What To Say In That Awkward Goodbye Email When You Quit

Make sure your farewell hits the right notes and doesn’t leave any mixed messages.

What To Say In That Awkward Goodbye Email When You Quit
[Photo: Flickr user Eric Norris]

There may be no office communication more fraught than the departure memo. This missive–mass-sent to colleagues on one’s last day–has a simple point: You’re telling people you’re leaving. You’re letting them know how to reach you. Unfortunately, it’s easy to get carried away with this soapbox and say things that won’t help your career. Here’s how to tread carefully.


Consider individual notes

Just because you can email a lot of people at once doesn’t mean you should. The mass email also leads to that ubiquitous but already divisive opening line “As some of you may know…” Instead, send individual notes to close colleagues thanking them for your time together. Send (personalized) LinkedIn invitations to those you don’t know quite as well but want to keep in your network. One-on-one communication builds bridges in a way mass emails don’t.

Be in the right frame of mind

Leaving a job can be an emotional experience. But the only proper mindset in which to compose a departure memo is one in which you are at peace with your choices, both now and in the past. Beware even slight slips; “I’m looking forward to finally being able to put my family first” implies that your colleagues have their priorities out of whack. Listing old grievances might feel good, but that’s what non-work friends are for. Even if your colleagues agree with you, such a list won’t make you look like the sort of person anyone will want to do business with in the future.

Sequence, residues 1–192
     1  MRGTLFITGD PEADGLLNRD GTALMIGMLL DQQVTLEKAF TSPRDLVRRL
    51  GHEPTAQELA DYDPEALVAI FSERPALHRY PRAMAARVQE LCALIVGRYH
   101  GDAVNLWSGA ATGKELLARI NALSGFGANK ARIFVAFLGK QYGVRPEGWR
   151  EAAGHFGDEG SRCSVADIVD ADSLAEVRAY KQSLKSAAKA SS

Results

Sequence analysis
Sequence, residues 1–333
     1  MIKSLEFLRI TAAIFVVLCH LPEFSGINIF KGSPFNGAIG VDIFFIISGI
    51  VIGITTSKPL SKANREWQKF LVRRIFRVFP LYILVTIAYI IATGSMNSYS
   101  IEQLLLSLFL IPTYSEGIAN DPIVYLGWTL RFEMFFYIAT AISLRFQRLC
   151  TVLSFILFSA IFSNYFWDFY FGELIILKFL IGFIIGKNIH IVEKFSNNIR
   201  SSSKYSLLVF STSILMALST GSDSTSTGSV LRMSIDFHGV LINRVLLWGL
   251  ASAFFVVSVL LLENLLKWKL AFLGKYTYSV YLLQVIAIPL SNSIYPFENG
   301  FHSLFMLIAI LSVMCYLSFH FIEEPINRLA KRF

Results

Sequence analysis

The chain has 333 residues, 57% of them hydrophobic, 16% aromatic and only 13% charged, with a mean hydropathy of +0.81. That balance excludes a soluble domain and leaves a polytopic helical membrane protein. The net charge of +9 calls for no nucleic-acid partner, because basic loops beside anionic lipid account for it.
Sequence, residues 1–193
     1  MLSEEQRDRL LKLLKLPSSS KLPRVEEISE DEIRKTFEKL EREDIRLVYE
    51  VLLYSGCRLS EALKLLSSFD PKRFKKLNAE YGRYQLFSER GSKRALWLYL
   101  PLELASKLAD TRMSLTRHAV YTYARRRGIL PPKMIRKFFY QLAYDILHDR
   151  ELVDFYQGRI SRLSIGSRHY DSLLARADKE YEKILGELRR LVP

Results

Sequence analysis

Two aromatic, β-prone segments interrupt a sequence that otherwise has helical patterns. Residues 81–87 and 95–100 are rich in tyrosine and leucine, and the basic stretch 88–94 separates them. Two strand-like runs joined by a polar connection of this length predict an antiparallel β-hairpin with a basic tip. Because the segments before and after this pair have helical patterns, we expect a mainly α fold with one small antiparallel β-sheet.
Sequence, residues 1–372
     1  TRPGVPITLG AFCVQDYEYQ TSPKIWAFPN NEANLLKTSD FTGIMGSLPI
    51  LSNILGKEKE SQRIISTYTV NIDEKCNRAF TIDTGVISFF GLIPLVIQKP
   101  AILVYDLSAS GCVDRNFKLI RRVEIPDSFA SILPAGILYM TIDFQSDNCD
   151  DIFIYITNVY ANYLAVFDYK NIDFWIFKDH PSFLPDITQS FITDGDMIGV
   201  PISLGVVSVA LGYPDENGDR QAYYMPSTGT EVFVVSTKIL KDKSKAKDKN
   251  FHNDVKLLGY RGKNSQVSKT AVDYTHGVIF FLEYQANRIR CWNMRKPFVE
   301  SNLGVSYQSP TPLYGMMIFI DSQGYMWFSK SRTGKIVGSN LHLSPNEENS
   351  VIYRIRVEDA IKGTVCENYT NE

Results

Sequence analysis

Less is more

Thanking people by name is a nice impulse, but such a list in a mass email will inevitably exclude (and risk insulting) someone, so proceed with caution. Unless you’re a comedy writer, your rehashed office anecdotes won’t be as funny in memo format as you think they are. A few sentences about how much you’ve learned, and how excited you are about your new adventure, should suffice.

Ask a friend to read it

It never hurts to get a second set of eyes on any bit of writing that will be read broadly. First, a friend might stop you from making one of the mistakes listed above. Second, she might also notice if you’ve botched your grammar. A poorly written memo will reflect poorly on you.

About the author

Laura Vanderkam is the author of several time management and productivity books, including I Know How She Does It: How Successful Women Make the Most of Their Time (Portfolio, June 9, 2015), What the Most Successful People Do Before Breakfast (Portfolio, 2013), and 168 Hours: You Have More Time Than You Think (Portfolio, 2010). She blogs at